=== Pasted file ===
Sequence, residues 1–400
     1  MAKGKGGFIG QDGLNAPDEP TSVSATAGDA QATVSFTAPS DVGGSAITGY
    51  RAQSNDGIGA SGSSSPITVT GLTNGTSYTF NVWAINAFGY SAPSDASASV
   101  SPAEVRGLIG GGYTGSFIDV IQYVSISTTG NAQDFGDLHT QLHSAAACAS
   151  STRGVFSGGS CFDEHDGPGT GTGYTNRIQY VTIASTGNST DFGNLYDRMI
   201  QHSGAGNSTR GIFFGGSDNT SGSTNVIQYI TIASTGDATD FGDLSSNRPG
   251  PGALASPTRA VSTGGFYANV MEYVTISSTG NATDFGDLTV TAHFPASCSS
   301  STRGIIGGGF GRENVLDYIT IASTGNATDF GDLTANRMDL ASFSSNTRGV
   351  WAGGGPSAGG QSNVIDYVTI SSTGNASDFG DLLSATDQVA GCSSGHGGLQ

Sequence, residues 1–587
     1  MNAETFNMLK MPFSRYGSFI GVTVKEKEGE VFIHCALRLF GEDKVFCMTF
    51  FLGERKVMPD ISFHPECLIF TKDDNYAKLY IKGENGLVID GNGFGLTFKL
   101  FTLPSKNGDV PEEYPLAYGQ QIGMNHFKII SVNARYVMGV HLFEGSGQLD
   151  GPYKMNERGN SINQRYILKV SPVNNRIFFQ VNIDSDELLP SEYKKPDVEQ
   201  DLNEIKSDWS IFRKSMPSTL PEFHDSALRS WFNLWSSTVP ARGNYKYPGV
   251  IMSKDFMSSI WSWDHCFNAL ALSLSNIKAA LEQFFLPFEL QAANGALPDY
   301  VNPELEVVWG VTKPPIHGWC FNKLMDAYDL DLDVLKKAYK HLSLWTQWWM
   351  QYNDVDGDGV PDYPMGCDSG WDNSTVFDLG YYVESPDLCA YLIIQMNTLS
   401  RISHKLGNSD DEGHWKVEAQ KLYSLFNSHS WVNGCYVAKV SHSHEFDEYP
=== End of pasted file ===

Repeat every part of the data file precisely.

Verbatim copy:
Sequence, residues 1–400
     1  MAKGKGGFIG QDGLNAPDEP TSVSATAGDA QATVSFTAPS DVGGSAITGY
    51  RAQSNDGIGA SGSSSPITVT GLTNGTSYTF NVWAINAFGY SAPSDASASV
   101  SPAEVRGLIG GGYTGSFIDV IQYVSISTTG NAQDFGDLHT QLHSAAACAS
   151  STRGVFSGGS CFDEHDGPGT GTGYTNRIQY VTIASTGNST DFGNLYDRMI
   201  QHSGAGNSTR GIFFGGSDNT SGSTNVIQYI TIASTGDATD FGDLSSNRPG
   251  PGALASPTRA VSTGGFYANV MEYVTISSTG NATDFGDLTV TAHFPASCSS
   301  STRGIIGGGF GRENVLDYIT IASTGNATDF GDLTANRMDL ASFSSNTRGV
   351  WAGGGPSAGG QSNVIDYVTI SSTGNASDFG DLLSATDQVA GCSSGHGGLQ

Sequence, residues 1–587
     1  MNAETFNMLK MPFSRYGSFI GVTVKEKEGE VFIHCALRLF GEDKVFCMTF
    51  FLGERKVMPD ISFHPECLIF TKDDNYAKLY IKGENGLVID GNGFGLTFKL
   101  FTLPSKNGDV PEEYPLAYGQ QIGMNHFKII SVNARYVMGV HLFEGSGQLD
   151  GPYKMNERGN SINQRYILKV SPVNNRIFFQ VNIDSDELLP SEYKKPDVEQ
   201  DLNEIKSDWS IFRKSMPSTL PEFHDSALRS WFNLWSSTVP ARGNYKYPGV
   251  IMSKDFMSSI WSWDHCFNAL ALSLSNIKAA LEQFFLPFEL QAANGALPDY
   301  VNPELEVVWG VTKPPIHGWC FNKLMDAYDL DLDVLKKAYK HLSLWTQWWM
   351  QYNDVDGDGV PDYPMGCDSG WDNSTVFDLG YYVESPDLCA YLIIQMNTLS
   401  RISHKLGNSD DEGHWKVEAQ KLYSLFNSHS WVNGCYVAKV SHSHEFDEYP